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Ambareesh: Godfather of Kannada Film Industry Who Was Too Candid for Politics

Ambareesh deserved the title of ‘Rebel Star’. Unlike many of his contemporaries, he was open about his relationships, drinking habits, gambling, lifestyle etc.

D P Satish | News18dp_satish

Updated:November 25, 2018, 11:07 AM IST
Ambareesh: Godfather of Kannada Film Industry Who Was Too Candid for Politics
Ambareesh has acted in over 200 films and served as the Karnataka housing minister in the previous Siddaramaiah-led cabinet.

Bengaluru: Ambareesh who died of sudden illness on Saturday night was not just an actor, but also a politician. An MLA, MP, minister at both the state and the Centre. Not many stars had achieved that.

He was highly successful as a film star, acting in close to 250 movies. He was considered to be the "godfather" of the Kannada film industry.

He handled multiple roles with ease in the last 44 years. Ambareesh had a casual approach towards most things in life. He was rarely serious about anything.

Born into an illustrious family of the great violinist, Peteel Chowdaia, Ambareesh made his debut in the 1972 superhit Kannada movie Naagarahaavu. His role was small; that of young, 18-year-old wayward Jaleel. But it made him a household name overnight. Vishnuvardhan, who also made his debut as the lead actor in the movie, went onto become the second most famous hero in Kannada after the late Rajkumar. Vishnuvardhan died in 2009.

Ambareesh deserved the title ‘Rebel Star’. He had actually earned it. Unlike many of his contemporaries in cinema, Ambareesh was open about his relationships, drinking habits, gambling, lifestyle etc. He hated hypocrisy.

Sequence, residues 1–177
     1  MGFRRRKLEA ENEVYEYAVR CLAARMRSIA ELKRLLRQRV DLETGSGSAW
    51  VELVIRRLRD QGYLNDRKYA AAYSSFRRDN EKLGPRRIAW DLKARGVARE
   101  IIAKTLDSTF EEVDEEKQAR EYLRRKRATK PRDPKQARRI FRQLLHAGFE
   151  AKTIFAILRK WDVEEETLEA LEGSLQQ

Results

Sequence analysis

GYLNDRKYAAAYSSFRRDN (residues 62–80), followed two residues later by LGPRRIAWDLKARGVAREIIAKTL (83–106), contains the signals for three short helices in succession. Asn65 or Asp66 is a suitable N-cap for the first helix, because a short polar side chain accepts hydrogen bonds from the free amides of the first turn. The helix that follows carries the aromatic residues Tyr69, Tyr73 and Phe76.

His roles in Kannada were path-breaking. He broke away from the convention of heroes not drinking, smoking on silver screen. Ambareesh's roles were diverse. They were new experiments in Kannada cinema, which was too comfortable with the template movies.

He was a race enthusiast and was a fixture at the century-old Bangalore Turf Club. He was also fond of fast cars and expensive liquor.

Speaking to a reporter a few years ago, Ambareesh had said, "Film stars are also human beings. We have all the flaws. Maybe more flaws than others. Acting is different and living like others is different. I don't hide anything from my fans, my voters. I smoke, I drink. What is wrong in that?"

His friendship with Tamil superstar Rajinikanth is legendary.

He was also the unofficial ombudsman of Kannada cinema. Whenever there was a dispute between members of the film industry, they used to seek his intervention. His words carried weight.

As a politician, Ambareesh was not a success. Though he won Assembly and Lok Sabha elections and was a minister both at Centre and state, he never took it seriously. He was too straightforward for that job. He did not have the manipulative skills to survive in politics.

He resigned as MP twice over the Cauvery river water dispute. He had also quit as Union Minister of State, Information and Broadcasting during UPA- 1 after he felt slighted.

"Power is not a big deal. I don't think twice before quitting. What is power if it is just ornamental?" he once said.

After Siddaramaiah dropped him from his cabinet in 2016, Ambareesh was upset. He was not bothered about losing power, but was upset over the manner in which he was removed. After that, he maintained a distance from both the Congress and politics.

He took revenge two years later by refusing to contest on the Congress ticket in Assembly elections. The rout of the Congress in Mandya in the recent polls was credited to him.

After the death of Rajkumar in 2006, Ambareesh filled the void by leading the Kannada cinema both off and on screen.

He had no enemies. He had friends in all political parties and all factions in the cinema industry because he never held grudges against anyone.

He lived life to the fullest. And there won't be another like Ambareesh.

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